After a while, they went to cash bars and Dewey could usually talk the hotel into serving some food.

After about a year, they decided to ask for donations to cover mailings and they needed a treasure to keep track of it all.  And, they needed a proper name for the group.  The February Group was what everyone had come to call it, and that was the name they wanted to keep.  The purpose of the Group, as Dewey understood it, would be to provide a forum for the like-minded, former Nixon Administration members to be able to keep in touch with each other, through social events and written communication.  They held at least two events each year and established The February Group News.

The February Group met regularly from 1975 to 2003.  Jack D'Arcy, at the time working for a bank, volunteered to be the treasurer and he, along with Steve Bull and John Gartland, asked for volunteer contributions and the membership was very supportive.  The group grew rapidly, especially during the Carter years, and soon it was no longer made up of just former Nixon staff members.  It had become much bigger than that.

Dewey and Melinda Maury Thompsen managed the mailing list and the newsletters.  The newsletters always included news and updates about the members, because that's what President Nixon wanted to hear about.

The February Group reached a peak of more than 400 members just prior to Ronald Reagan's first campaign in 1980.  It was about this time that Jack Anderson, a liberal political writer for the Washington Post wrote an article that labeled the February Group, a "government in exile."  That caused a lot of former Nixon/Ford folks to want to join the group and the result was that the membership list became a valuable document for Republican candidates.  Dewey was constantly being asked to provide the mailing lists to various campaigns, but he always insisted that members "vetted" the request before he released the information.  In June of 1981, the newsletter announced that 47 February Group members had joined the Reagan administration and nine more were listed in the next edition.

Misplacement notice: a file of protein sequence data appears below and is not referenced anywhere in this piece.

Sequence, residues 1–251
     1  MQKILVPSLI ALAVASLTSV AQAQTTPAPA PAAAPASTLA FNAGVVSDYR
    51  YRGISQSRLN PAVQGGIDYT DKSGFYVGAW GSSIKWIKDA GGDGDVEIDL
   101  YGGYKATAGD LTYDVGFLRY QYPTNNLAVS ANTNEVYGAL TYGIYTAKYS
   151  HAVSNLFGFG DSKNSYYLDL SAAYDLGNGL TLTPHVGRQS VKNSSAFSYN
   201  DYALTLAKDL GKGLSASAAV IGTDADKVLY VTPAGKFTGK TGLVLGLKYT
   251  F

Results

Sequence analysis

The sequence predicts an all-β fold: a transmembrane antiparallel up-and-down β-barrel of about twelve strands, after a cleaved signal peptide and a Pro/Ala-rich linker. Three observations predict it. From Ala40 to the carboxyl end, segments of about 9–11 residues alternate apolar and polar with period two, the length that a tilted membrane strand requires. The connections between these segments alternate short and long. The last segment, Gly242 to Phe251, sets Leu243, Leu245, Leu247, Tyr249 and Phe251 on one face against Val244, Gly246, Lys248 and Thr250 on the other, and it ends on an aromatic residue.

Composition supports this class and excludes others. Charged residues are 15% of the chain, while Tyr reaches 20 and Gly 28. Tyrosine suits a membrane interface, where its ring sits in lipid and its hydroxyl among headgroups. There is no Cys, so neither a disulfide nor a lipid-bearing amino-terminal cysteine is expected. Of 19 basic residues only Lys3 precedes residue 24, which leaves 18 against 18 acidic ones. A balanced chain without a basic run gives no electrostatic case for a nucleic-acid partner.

In September of 1986, it was noted that group members had raised $132,000 toward the goal of $200,000 for the Nixon Library and Birthplace.  Dewey led a large group of February Group Members to the opening of the Library.  Now, with the help of Steve Bull, the February Group members have become a valuable list of "Nixon Alumni" that is now housed at the Richard Nixon Foundation.

Dewey  worked for several associations over the years and in 2003 he was named President Emeritus of NATSO where he served as President and CEO for 15 years.  He had been an officer in the United States Air Force.

Dewey retired in 2002 and he and Shirley moved out near Fredericksburg, Virginia.  Shirley has battled cancer for a long time and Dewey was such a solid rock and source of strength by her side .
I can't imagine what the impact of his death must be having on Shirley and her family.  Dewey and Shirley's children are Candice Clower Scala, Mike Clower and Cathy Clower Shirey.

Ron and I send our deepest sympathy, prayers,  and much love to all of Dewey's family.  We thank you, Dewey, for giving so much to your family, your friends, your country, and your President.  You are a great American.  You will be missed.

In lieu of flowers, the family asks for donations in Dewey's name be made to either Hope Presbyterian Church or to Young Life of Greater Fredericksburg, 1210 Princess Anne Street., Fredericksburg, VA 22402.  Dewey was very active in both of these organizations  and his son Mike said they were both very dear to him.